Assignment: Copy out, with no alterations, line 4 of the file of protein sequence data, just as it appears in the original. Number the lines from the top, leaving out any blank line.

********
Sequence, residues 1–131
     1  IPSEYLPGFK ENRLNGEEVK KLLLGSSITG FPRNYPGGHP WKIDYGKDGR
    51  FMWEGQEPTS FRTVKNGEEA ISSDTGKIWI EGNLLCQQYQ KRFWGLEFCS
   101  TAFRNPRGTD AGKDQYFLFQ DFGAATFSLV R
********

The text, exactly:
   101  TAFRNPRGTD AGKDQYFLFQ DFGAATFSLV R